kingshearte's Reviews > Oryx and Crake

Oryx and Crake by Margaret Atwood
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Dec 13, 2009

really liked it
bookshelves: cdn-books-worth-reading, way-better-than-expected, 2009, sci-fi, fiction, post-apocalyptic-dystopian
Read in June, 2009

The narrator of Atwood's riveting novel calls himself Snowman. When the story opens, he is sleeping in a tree, wearing an old bedsheet, mourning the loss of his beloved Oryx and his best friend Crake, and slowly starving to death. He searches for supplies in a wasteland where insects proliferate and pigoons and wolvogs ravage the pleeblands where ordinary people once lived, and the Compounds that sheltered the extraordinary. As he tries to piece together what has taken place, the narrative shifts to decades earlier. How did everything fall apart so quickly? Why is he left with nothing but his haunting memories? Alone except for the green-eyed Children of Crake, who think of him as a kind of monster, he explores the answers to these questions in the double journey he takes - into his own past, and back to Crake's high-tech bubble-dome, where the Paradice Project unfolded and the world came to grief.

With heartbreaking command of her shocking material, and with her customary sharp wit and dark humour, Atwood projects us into an outlandish yet wholly believable realm populated by characters who will continue to inhabit our dreams long after the last chapter. This is Margaret Atwood at the absolute peak of her powers.


I've read quite a few Atwood novels, and haven't much cared for most of them. I enjoyed The Robber Bride, and I think The Handmaid's Tale is worth reading, but most of the others have been pretty meh. The premise of this one sounded intriguing, so I gave it a shot, and I'm glad I did. It's definitely up there with her others that I've enjoyed. I do find, of her two dystopic novels, what's interesting about them is that she writes about dystopias kind of in transition. Most dystopic novels you read open with the dystopia firmly established, and by the end, maybe you've got the beginnings of a revolution on the way. Atwood's dystopias seem to be a little more recent. For example, in Handmaid's Tale, Offred remembered her former life. The new regime was recent enough that she was a first-generation handmaid, if you will. This one was a little more established in the part of the story dealing with the past, but you could watch things escalate, and then there was the transition to the state we open in, so again, there are the memories of the former life. Which I kind of find more interesting than the usual set-up. Not sure why, but there it is.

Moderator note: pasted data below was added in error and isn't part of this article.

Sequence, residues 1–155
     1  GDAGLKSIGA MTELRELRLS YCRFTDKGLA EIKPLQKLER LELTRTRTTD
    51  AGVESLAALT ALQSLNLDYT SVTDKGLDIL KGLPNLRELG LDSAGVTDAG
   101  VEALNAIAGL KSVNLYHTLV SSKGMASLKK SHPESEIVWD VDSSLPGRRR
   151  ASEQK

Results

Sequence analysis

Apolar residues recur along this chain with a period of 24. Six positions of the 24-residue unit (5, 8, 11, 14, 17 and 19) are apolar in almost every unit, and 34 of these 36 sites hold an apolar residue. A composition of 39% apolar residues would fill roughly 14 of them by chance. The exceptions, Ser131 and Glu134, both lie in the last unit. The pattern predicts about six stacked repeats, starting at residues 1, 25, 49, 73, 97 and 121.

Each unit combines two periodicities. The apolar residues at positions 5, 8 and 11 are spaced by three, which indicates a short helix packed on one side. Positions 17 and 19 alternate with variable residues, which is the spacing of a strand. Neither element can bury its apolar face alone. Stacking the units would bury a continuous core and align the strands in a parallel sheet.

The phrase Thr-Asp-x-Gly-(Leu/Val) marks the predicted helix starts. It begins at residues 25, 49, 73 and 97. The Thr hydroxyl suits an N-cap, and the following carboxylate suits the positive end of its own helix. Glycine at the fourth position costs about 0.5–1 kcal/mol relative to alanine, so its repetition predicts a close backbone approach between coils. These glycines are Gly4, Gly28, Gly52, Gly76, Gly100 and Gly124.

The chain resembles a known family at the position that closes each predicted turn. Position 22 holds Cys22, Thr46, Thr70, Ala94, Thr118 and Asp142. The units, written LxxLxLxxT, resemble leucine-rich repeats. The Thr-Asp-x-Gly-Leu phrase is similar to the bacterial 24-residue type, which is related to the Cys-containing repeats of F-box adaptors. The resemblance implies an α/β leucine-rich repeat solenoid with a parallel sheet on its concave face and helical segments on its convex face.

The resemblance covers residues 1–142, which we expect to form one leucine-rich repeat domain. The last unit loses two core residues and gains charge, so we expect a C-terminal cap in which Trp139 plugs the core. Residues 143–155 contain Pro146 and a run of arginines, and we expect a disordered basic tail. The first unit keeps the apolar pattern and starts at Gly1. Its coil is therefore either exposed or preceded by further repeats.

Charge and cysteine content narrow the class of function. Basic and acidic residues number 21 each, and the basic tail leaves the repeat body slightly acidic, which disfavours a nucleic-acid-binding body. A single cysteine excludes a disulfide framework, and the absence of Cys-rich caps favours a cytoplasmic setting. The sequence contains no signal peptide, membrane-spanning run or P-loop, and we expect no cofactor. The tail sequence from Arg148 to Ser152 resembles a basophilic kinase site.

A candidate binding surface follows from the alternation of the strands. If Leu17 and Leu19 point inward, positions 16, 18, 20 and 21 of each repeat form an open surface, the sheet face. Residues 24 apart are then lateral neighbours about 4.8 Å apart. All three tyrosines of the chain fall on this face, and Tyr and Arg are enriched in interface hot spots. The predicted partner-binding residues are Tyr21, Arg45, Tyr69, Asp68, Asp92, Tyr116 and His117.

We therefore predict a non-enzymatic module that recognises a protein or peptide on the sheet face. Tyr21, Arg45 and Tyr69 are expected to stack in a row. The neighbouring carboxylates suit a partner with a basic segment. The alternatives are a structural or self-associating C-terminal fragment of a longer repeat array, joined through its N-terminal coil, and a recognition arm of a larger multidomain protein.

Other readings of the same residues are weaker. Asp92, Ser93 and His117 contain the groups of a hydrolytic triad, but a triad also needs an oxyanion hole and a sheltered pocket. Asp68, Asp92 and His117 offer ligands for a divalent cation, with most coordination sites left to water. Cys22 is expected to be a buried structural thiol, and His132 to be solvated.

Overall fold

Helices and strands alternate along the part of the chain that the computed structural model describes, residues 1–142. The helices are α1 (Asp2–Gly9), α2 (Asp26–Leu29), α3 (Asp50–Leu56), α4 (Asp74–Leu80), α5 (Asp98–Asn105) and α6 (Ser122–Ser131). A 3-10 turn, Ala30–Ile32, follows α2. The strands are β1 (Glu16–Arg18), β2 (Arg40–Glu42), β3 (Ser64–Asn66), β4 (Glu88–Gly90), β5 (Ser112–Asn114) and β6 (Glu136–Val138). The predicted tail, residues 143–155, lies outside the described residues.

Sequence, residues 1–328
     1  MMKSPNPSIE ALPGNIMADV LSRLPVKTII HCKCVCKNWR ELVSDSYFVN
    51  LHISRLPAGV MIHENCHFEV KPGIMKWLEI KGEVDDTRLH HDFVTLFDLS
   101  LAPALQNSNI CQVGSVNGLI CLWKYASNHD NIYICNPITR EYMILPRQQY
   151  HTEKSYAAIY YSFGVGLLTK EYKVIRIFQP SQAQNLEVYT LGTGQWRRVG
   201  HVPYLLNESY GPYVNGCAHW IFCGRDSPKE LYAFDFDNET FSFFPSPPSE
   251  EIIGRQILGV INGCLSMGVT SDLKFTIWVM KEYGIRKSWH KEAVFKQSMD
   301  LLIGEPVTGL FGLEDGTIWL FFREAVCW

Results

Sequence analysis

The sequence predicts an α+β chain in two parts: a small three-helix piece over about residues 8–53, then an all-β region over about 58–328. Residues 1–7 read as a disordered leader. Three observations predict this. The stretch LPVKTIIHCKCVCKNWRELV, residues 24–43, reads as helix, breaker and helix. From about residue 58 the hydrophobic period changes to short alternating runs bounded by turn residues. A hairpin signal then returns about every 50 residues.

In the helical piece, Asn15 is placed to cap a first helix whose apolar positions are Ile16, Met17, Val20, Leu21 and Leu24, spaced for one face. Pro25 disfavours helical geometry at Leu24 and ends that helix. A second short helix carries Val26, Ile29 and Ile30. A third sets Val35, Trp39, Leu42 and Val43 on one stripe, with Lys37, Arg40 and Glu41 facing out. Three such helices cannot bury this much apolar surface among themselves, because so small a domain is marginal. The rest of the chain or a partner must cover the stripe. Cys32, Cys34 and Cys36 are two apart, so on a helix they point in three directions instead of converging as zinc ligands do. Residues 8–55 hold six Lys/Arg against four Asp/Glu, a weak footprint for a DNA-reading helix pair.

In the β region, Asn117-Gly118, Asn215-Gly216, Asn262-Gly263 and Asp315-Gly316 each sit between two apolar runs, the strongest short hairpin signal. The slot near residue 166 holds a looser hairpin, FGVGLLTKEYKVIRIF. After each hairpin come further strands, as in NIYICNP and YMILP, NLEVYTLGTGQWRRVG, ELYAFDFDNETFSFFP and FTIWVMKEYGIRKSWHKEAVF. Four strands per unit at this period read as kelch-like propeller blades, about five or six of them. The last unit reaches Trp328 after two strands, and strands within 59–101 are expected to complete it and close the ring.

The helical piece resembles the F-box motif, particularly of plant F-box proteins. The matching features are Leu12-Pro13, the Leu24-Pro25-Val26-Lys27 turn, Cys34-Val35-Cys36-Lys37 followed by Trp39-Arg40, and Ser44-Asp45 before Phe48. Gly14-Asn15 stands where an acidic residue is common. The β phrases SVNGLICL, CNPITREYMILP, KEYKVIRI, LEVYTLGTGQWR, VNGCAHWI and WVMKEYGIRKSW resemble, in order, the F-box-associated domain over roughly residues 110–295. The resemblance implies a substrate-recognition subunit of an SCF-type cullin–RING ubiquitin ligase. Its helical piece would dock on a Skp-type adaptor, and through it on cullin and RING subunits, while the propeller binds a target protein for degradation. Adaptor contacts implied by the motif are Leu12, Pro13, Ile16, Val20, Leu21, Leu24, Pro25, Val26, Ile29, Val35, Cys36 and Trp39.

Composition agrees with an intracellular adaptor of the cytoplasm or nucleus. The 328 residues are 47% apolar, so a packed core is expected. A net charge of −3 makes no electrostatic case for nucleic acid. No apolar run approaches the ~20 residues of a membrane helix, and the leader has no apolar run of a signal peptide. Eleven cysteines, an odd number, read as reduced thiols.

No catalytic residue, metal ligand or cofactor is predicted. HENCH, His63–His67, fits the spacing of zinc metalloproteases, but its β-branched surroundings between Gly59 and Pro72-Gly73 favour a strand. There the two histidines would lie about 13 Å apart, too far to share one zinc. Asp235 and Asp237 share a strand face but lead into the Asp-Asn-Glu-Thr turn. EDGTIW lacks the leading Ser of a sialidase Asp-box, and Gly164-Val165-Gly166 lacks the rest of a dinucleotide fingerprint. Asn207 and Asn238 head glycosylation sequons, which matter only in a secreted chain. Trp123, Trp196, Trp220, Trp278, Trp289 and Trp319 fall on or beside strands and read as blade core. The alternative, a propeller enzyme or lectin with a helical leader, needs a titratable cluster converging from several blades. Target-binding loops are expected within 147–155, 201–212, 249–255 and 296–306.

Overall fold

I thought she did a fantastic job of giving you clues about things, but not necessarily filling them all in. Basically, you know what Snowman knows, which leaves a few questions, but enough to speculate about. It's really well-done, though, leaving you wondering without feeling like you should have more information, but giving you enough information to draw your own conclusions without beating you over the head with the "real" story or whatever. Pretty cool. And Atwood does all those things the blurb says she does, and I really can't argue with the blurb-writer's assessment. I don't know that this book will haunt my dreams or anything, but it was a really good read, and I may even consider reading the sequel when it comes out in the fall.
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